The Hard Nut

From Wikipedia, the free encyclopedia
Jump to: navigation, search


The Hard Nut is an adaptation of Tchaikovsky's The Nutcracker choreographed by Mark Morris. It took its inspiration from the comic artist Charles Burns. That art is personal and deeply instilled with archetypal concepts of guilt, childhood, adolescent sexuality, and poignant, nostalgic portrayals of post-war America.

Morris enlisted a team of collaborators to create a world not unlike that of Burns’ world, where stories take comic book clichés and rearrange them into disturbing yet funny patterns.

Morris turned to Adrianne Lobel to create sets that would take Hoffmann's tale out of the traditional German setting and into Burns’ graphic, black and white view of the world. With these immense sets and scrims, lighting designer James F. Ingalls created a dark world within retro 1960s suburbia and costume designer Martin Pakledinaz created costumes that helped bring to life Burns’ world, described as being "at the juncture of fiction and memory, of cheap thrills and horror." The last of 10 pieces Mark Morris created during his time as Director of Dance at the National Opera House of Belgium, the piece was his most ambitious work to date.

The Hard Nut premiered on January 12, 1991 at the Théâtre Royal de la Monnaie in Brussels, just short of the 100th anniversary of the creation of Tchaikovsky's classic score. Shortly after the premiere, MMDG returned to the United States, having finished their three-year residency at the Monnaie. But the Monnaie seemed the most fitting stage to film the production[why?] so the company returned six months later with film crew in hand for encore performances in Belgium's national opera house.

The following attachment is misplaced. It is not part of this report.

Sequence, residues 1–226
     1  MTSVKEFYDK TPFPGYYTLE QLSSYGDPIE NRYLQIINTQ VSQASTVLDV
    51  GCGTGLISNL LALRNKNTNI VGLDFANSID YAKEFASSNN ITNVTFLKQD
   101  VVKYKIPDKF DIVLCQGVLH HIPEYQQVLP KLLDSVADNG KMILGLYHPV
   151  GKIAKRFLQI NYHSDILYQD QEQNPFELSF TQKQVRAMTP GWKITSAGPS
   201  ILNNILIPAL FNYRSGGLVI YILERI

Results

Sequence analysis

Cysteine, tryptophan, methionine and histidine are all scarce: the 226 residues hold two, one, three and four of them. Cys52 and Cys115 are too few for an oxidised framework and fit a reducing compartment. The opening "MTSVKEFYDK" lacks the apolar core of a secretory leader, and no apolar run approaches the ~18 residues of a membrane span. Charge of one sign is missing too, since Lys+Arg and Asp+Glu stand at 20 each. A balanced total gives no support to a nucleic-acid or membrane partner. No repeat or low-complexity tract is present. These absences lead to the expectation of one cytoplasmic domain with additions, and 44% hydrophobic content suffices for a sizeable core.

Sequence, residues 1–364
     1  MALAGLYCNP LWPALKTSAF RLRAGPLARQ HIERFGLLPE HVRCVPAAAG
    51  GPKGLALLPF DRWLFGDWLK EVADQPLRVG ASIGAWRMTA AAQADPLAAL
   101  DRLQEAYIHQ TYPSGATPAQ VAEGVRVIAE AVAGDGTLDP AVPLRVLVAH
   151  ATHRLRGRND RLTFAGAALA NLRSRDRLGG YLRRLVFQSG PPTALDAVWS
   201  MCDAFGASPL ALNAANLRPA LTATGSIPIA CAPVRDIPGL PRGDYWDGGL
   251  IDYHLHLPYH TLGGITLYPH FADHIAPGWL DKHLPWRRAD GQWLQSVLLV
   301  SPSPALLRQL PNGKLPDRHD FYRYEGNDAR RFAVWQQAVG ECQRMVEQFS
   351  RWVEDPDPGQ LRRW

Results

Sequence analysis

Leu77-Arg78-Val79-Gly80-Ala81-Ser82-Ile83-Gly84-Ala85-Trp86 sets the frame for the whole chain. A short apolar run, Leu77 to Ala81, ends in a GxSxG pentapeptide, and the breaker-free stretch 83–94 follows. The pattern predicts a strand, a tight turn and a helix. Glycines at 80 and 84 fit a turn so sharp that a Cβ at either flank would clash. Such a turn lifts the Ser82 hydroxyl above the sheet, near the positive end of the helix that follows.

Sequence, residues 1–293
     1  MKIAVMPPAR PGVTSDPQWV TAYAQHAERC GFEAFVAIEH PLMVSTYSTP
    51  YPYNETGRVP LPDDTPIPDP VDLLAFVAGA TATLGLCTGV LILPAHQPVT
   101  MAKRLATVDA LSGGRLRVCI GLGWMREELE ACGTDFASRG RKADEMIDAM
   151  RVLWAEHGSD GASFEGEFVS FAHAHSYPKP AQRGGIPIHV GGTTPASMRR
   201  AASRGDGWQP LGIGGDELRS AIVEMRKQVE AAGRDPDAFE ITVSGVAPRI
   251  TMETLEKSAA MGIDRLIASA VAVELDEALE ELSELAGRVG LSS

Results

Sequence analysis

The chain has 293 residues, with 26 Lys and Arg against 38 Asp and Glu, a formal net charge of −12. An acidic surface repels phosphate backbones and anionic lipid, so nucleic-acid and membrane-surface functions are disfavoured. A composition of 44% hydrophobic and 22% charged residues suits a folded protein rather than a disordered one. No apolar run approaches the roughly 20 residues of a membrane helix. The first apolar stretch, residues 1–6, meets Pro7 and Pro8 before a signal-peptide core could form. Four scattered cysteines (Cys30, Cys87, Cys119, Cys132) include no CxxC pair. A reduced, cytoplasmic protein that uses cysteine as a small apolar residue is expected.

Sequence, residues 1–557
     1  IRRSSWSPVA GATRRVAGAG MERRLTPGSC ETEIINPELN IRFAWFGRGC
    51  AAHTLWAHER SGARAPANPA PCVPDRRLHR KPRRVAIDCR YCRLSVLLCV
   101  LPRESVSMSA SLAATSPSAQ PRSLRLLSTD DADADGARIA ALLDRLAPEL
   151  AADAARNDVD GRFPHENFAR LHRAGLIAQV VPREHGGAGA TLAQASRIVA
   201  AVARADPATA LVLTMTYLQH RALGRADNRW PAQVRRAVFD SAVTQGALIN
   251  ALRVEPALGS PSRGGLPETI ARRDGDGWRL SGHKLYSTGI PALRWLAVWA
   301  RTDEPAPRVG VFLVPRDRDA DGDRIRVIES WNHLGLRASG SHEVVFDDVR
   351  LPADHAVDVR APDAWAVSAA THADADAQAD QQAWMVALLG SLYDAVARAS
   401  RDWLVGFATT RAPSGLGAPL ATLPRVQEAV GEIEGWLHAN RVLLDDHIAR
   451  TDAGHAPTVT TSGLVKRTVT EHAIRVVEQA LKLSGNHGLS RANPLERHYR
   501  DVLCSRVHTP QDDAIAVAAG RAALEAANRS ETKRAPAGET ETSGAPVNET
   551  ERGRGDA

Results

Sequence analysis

Plot[edit]

While resetting the ballet in a 1950's style American town, including a very subtle homosexual subtext, costuming it garishly, and making the characters rather cartoonlike (the toy soldiers are an army of G.I. Joes), the overall plot of The Nutcracker was rather faithfully followed, to the point of including a pantomime version of "The Story of the Hard Nut", the tale-within-a-tale of E.T.A. Hoffmann's "The Nutcracker and the Mouse King" in Act II, to explain how Drosselmeyer's nephew was turned into the Nutcracker. (This section is usually not included, not even in Tchaikovsky's original version.) Princess Pirlipat is turned into a pig-snouted creature as a baby by the vengeful Mouse Queen, and Drosselmeyer searches the world for a way to break the spell, thus ushering the famous Danses caracterisques of Act II. The only one able to do so is Drosselmeyer's nephew, who, after biting a hard nut, breaks the spell placed on Princess Pirlipat, but is turned into a Nutcracker. Princess Pirlipat promptly rejects him, whereupon Clara (here called Marie) declares her love for him and the spell on Drosselmeyer's nephew is broken.

Alterations from the traditional presentation[edit]

The Sugar Plum Fairy is eliminated, as in the Baryshnikov Nutcracker, and Marie performs all of her dances. Her relationship with Drosselmeyer's nephew becomes overtly romantic at the end, with the two of them French kissing all through the "Final Waltz", which, in this version, becomes a duet rather than an ensemble piece. However, in comparison to the Matthew Bourne Nutcracker and the highly controversial Maurice Bejart one, the sex and the homosexual overtones are soft-pedaled.

Television airings[edit]

In the US the film aired on PBS stations in 1991 as part of the Great Performances series.

It was chosen the favorite by viewer votes in 2007, 2008, and 2009 in Ovation TV's annual "Battle of the Nutcrackers".[1] Ovation did not include it in the 2010 competition.[2]

Commercial releases[edit]

The Hard Nut was released on VHS and Laserdisc in 1992. It was released on DVD in 2007. The DVD extras include "The Arabian Dance", segment which had been cut from the film due to time constraints,[3] and Mark Morris's reflections on the original and ongoing productions of his version of the ballet.

Footnotes[edit]

External links[edit]